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Dallas, Texas, January 10, 1942

To the Member and Nonmember Clearing Banks of the
Eleventh Federal Reserve District:

There is enclosed a copy of our Bulletin No. 10, which will
become effective on February 2, 1942, relating to the collection
of United States postal money orders.
This bulletin should be placed in the ring binder previously

Yours very truly,




This publication was digitized and made available by the Federal Reserve Bank of Dallas' Historical Library (

JANUARY 1 0 , 1942



To the Member and Nonmember Clearing Banks
of the Eleventh Federal Reserve D istrict:

This is to advise that on and after February 2, 1942, this bank and other
Federal Reserve banks will not accept for collection from member or non­
member clearing banks, either as cash or noncash items, any postal money
orders that are not drawn on or issued by a post office in a Federal Reserve
bank or branch city, or Washington, D. C., or Fort Bliss, Texas. We will con­
tinue after February 2, 1942, to accept for collection as cash items money orders
that are drawn on or issued by post offices in the cities referred to above.
Consistent with the foregoing, direct sending member banks and non­
member clearing banks should not send to any other Federal Reserve bank, or
to any branch of another Federal Reserve bank, any postal money orders not
drawn on or issued by the respective post offices in the cities in which such
other Federal Reserve banks or branches are located.
For the information of member banks and nonmember clearing banks we
quote below paragraphs 1 and 2 of section 1429 of the Postal Laws and Regu­
lations, which section is contained in Title V III, Chapter 3, entitled “ Payment
of Domestic Money Orders.”
“ 1. Under such rules and regulations as the Postmaster General shall
prescribe, postal money orders may be issued payable at any moneyorder post office, and on and after the date upon which such rules and
regulations become effective all money orders shall be legally payable
at any money-order post office, although drawn on a specified office;
and as compensation for the extra labor involved in paying a money
order at an office other than that on which the order is drawn the Post­
master General is authorized to exact a fee of the same amount as
that charged for the issue of the order (act of June 16, 1934, Public,
No. 366, 73d Cong.).
“2. An original domestic money order shall be paid at its full face
value if presented at the office on which drawn or at the office of issue
at any time within the period of its validity, which is 1 year from the
last day of the month in which issued. For the first 30 days; after issue
any domestic money order issued in the continental United States (ex­
cept A laska), and drawn on an office located therein, may be paid for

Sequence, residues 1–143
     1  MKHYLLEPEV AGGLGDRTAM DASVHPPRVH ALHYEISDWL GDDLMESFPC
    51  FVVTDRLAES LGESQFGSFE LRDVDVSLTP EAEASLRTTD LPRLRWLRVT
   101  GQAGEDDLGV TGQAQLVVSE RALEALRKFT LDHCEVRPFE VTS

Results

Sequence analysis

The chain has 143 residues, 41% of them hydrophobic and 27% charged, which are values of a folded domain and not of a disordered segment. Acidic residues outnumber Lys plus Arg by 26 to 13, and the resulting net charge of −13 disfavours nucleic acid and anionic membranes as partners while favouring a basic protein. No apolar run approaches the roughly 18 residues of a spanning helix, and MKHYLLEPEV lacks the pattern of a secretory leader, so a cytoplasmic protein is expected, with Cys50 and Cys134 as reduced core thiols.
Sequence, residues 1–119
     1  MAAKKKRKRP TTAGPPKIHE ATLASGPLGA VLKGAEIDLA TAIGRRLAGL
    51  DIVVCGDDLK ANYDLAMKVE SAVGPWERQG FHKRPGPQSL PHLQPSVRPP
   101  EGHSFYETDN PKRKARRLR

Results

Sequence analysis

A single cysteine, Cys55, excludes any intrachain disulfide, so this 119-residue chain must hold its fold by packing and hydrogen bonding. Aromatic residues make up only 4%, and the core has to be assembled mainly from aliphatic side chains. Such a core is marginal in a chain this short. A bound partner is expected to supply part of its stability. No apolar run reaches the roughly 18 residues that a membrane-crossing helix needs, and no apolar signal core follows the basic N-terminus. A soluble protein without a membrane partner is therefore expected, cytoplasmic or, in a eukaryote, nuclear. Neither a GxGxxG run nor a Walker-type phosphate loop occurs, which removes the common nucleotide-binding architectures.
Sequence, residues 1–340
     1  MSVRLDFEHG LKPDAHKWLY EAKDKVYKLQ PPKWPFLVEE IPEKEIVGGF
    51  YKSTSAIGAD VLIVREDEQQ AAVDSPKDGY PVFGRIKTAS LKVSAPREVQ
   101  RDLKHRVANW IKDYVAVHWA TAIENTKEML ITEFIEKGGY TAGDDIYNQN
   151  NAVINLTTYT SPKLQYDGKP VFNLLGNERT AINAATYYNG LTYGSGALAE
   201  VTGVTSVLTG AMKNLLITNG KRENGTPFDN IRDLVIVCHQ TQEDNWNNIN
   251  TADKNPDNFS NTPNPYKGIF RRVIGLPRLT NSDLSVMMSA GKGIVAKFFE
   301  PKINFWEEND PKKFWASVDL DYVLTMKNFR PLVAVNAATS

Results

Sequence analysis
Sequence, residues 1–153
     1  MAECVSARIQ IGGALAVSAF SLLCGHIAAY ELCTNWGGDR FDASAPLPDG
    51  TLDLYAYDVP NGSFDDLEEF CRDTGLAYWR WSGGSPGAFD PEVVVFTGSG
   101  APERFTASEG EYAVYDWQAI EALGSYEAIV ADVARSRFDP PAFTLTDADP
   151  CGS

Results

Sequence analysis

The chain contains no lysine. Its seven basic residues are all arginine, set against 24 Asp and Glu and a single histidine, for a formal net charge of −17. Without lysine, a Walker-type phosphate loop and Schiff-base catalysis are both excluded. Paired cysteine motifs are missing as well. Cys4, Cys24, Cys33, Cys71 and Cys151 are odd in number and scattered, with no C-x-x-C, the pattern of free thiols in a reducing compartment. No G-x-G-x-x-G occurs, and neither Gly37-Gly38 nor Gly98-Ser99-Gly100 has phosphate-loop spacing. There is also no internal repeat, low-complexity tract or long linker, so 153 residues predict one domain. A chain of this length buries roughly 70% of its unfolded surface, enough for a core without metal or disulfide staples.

its face value, less the fee prescribed by the law quoted above, at an
office other than that of issue or that on which drawn, provided the office
at which presented is located within the continental United States
(except A laska).”
Prior to August 1, 1934, when the revised Regulations of the Post Office
Department became effective, Federal Reserve banks could collect all postal



2 —

money orders at their local post offices without the payment of a fee, regard­
less of where such orders were issued or where they were payable. When the
Post Office Department revised its Regulations to provide a fee for cashing
any postal money order when presented at an office other than that of issue
or that on which drawn, Federal Reserve banks, as a general rule, began
sending money orders not drawn on or issued by postmasters in Federal
Reserve bank and branch cities to member or par nonmember banks located
at the points on which the orders were drawn or at which issued as cash items
for collection and remittance. This practice has not proved to be entirely satis­
factory since many member and par nonmember banks feel that they are en­
titled to make a charge for their services in presenting the money orders to
their local post offices for payment, and some banks have declined to handle
postal money orders for the Federal Reserve banks unless they are permitted
to make a charge for their services.
In view of these developments and since the pa}^ees or holders of postal
money orders can collect all of them from their local post offices, and such of
them as are drawn on or issued by their local post offices without the payment
of prescribed fees, there is no adequate reason why the Federal Reserve banks
should continue to receive for collection any money orders, other than those
(specified in the first paragraph of this bulletin) which can be cashed by the
Federal Reserve banks themselves for their member and nonmember clearing
banks free of fees or other collection charges.

The right is reserved to withdraw, add to, or amend at any time, any of
the provisions of this bulletin.

R. R. G IL B E R T